Woodward, Kehoe, Zarnoch, Robert A. (Retired, Specially
Lydia Huntley ("Lydia"), filed a Complaint for
Absolute Divorce in the Circuit Court for Baltimore County
after twenty-eight years of marriage to appellee, Charles
Huntley ("Charles"). Lydia requested, among other
things, a monetary award, alimony, a portion of the marital
share of Charles's retirement benefits, and
attorney's fees. Charles filed an answer in which he
denied Lydia's entitlement to a monetary award and asked
the court to deny Lydia an award of alimony. Charles did not
request any affirmative relief aside from the grant of a
trial, Charles requested a portion of the marital share of
Lydia's retirement benefits, which were already in payout
status. The trial court denied Charles's request on the
ground that Charles had not included such request in his
pleadings. The court awarded Lydia half of the marital
portion of Charles's retirement benefits and a monetary
award, but denied her request for alimony. The court did,
however, grant Lydia an award of $3, 500 in attorney's
appeal to this Court, Charles raises two issues for our
review, which we have rephrased as questions:
1. Did the trial court err by refusing to grant Charles a
portion of the marital share of Lydia's retirement
benefits because of
Charles's failure to include a request for such relief in
2. Did the trial court abuse its discretion by awarding
attorney's fees to Lydia?
reasons set forth herein, we answer these questions in the
negative and, accordingly, affirm the judgment of the circuit
and Lydia were married on September 1, 1986, in Harford
County. No children were born of the marriage; their two
adopted children are emancipated. The parties separated on
September 15, 2013.
October 14, 2014, Lydia filed a Complaint for Absolute
Divorce in the circuit court. In her complaint, Lydia
requested, among other things, that the court award her
alimony, a monetary award, and a portion of the marital share
of Charles's retirement benefits, along with
attorney's fees. On December 2, 2014, Charles filed his
Answer to Complaint for Absolute Divorce, in which he
admitted and denied various allegations in the Complaint,
including a denial of Lydia's allegation that she was
entitled to a monetary award. In the answer, Charles
requested no affirmative relief apart from the Court
"grant[ing] him a Divorce, and deny[ing] [Lydia]
alimony". Charles did not file a counter-complaint.
circuit court held a trial on May 1 and May 8, 2015. At that
time, Charles was sixty years old, and Lydia was sixty-eight
years old. The court found that Charles's annual income
was approximately $130, 000, while Lydia, who was retired,
received a total monthly income of around $3, 500 from her
SSI and military pension, or about $42, 000 per year. The
court also found that both parties had a considerable amount
of debt: Lydia's debts totaled over $459, 000, while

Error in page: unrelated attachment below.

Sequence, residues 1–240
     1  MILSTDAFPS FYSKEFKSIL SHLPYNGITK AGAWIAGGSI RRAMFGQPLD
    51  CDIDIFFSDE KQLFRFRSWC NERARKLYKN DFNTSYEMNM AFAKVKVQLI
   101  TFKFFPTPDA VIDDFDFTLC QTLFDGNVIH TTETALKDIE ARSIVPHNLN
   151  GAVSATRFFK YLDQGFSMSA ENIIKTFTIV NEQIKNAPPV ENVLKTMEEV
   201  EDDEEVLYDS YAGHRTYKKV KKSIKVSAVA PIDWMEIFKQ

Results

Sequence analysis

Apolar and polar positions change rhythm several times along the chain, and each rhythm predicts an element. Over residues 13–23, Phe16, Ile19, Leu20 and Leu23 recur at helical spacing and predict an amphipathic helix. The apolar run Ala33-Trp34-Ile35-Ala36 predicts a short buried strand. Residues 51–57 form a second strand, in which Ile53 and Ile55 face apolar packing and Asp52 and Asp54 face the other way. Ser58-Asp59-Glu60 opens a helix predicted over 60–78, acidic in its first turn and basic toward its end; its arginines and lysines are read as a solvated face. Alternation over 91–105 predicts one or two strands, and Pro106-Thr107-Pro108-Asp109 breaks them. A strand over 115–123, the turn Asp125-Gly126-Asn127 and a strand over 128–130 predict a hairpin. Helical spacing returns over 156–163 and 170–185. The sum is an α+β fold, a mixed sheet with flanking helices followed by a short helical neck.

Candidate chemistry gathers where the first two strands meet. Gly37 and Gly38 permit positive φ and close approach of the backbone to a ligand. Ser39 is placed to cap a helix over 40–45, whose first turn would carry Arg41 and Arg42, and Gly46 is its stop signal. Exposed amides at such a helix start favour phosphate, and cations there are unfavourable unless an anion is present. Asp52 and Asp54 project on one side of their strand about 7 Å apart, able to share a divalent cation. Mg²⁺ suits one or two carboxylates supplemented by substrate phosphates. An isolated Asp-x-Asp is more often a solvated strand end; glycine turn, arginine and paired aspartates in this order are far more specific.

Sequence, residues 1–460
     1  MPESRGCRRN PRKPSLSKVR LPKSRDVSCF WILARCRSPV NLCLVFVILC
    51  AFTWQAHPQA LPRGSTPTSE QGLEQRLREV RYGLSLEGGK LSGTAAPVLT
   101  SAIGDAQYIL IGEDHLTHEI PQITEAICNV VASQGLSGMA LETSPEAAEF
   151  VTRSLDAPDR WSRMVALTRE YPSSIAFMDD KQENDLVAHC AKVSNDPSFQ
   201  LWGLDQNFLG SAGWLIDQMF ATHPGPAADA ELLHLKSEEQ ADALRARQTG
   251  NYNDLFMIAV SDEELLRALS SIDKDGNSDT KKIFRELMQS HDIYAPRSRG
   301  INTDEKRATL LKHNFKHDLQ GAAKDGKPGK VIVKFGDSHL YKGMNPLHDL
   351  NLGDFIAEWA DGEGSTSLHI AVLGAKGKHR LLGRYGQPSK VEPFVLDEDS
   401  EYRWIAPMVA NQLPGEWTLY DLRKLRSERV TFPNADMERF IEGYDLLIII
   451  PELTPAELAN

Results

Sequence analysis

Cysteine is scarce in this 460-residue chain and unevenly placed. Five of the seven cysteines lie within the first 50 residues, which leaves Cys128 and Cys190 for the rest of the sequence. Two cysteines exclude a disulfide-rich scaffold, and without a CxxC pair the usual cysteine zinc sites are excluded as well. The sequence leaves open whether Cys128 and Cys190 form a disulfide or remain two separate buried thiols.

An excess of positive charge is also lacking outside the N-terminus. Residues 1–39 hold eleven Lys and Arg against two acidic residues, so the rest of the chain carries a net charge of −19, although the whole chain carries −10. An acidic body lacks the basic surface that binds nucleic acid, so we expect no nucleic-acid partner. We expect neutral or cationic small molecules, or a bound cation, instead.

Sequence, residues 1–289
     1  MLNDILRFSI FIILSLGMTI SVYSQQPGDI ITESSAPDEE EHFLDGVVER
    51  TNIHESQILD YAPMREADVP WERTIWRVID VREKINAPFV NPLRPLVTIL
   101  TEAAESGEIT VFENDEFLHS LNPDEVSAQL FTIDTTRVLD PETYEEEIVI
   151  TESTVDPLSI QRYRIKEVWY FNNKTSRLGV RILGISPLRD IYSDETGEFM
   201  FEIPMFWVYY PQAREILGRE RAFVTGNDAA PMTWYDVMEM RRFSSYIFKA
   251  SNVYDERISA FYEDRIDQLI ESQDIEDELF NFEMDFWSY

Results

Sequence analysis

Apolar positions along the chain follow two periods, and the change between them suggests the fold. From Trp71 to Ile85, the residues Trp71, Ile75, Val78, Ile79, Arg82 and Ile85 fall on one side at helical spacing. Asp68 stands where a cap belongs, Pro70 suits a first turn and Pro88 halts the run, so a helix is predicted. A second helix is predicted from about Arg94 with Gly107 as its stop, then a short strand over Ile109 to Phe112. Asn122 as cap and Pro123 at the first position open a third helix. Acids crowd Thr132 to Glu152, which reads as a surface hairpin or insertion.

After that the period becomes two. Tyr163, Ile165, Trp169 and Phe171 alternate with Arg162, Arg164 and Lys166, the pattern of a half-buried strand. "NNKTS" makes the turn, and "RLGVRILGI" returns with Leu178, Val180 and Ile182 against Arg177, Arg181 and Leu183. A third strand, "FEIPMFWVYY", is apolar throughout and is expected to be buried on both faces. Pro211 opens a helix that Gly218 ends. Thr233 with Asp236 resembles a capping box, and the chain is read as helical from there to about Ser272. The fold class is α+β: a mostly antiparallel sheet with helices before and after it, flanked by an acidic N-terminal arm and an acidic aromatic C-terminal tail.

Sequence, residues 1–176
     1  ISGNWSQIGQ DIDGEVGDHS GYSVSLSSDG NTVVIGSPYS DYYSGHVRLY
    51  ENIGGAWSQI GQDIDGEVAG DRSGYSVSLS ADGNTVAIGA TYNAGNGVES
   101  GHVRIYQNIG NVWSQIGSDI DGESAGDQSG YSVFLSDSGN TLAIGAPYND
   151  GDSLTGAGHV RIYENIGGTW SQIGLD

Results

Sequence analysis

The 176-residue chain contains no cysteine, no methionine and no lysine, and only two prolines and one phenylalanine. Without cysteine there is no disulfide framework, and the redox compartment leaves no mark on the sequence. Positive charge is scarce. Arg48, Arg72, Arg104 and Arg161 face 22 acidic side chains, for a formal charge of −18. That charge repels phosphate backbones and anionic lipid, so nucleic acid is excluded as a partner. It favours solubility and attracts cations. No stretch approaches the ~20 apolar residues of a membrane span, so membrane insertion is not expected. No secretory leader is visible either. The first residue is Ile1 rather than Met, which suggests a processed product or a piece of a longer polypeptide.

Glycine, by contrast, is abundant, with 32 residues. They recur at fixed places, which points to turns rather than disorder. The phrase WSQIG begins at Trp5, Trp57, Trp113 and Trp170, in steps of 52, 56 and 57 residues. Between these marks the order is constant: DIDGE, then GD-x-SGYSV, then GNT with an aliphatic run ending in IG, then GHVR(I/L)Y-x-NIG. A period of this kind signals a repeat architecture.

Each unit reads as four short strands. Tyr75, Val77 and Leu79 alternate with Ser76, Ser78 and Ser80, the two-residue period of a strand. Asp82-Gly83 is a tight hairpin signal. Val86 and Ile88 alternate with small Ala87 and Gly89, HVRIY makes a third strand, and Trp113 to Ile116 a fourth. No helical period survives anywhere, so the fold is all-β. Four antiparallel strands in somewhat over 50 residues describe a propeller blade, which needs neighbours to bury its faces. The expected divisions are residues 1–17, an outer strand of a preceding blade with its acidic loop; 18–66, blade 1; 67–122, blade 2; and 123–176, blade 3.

Charles's debts totaled $23, 500. In addition, the court
found that the total value of the parties' marital
property was almost $96, 000.
trial, Charles requested that he be awarded one half of
Lydia's retirement benefits.The trial court denied
Charles's request on the ground that Charles had not
requested such relief in his answer or by counter-complaint.
conclusion of trial, the court issued an oral ruling awarding
Lydia a monetary award of $42, 600. The court also awarded
Lydia one half of the marital share of Charles's
retirement benefits. In addition, the court noted that
Charles "didn't ask for it, but he's entitled to
[Lydia's] Social Security if she's getting Social
Security." The court denied Lydia's request for
alimony, but awarded her attorney's fees in the amount of
12, 2015, the court issued a Judgment of Absolute Divorce,
memorializing its oral rulings. On June 10, 2015, Charles noted
his appeal to this Court.
Rule 8-131(c) states:
When an action has been tried without a jury, the appellate
court will review the case on both the law and the evidence.
It will not set aside the judgment of the trial court on the
evidence unless clearly erroneous, and will give due regard
to the opportunity of the trial court to judge the
credibility of the witnesses.
circuit court's classification of property as marital or
non-marital is subject to review under the clearly erroneous
standard, while a discretionary standard of review applies to
the decision of whether to grant a monetary award and the
amount of that award. Gordon v. Gordon, 174 Md.App.
583, 625-26 (2007). "Factual findings that are supported
by substantial evidence are not clearly erroneous."
Richards v. Richards, 166 Md.App. 263, 272 (2005).
Under the abuse of discretion standard, "we may not
substitute our judgment for that of the fact finder, even if
we might have reached a different result, absent an abuse of
discretion." Gordon, 174 Md.App. at 626
(citations and internal quotation marks omitted).
attorney's fees, this Court has stated that an award of
is governed by the abuse of discretion standard and such an
award should not be modified unless it is arbitrary or
clearly wrong. Abuse of discretion is determined by
evaluating the judge's application of the statutory
criteria as well as the consideration of the facts of the
particular case. Consideration of the statutory criteria ...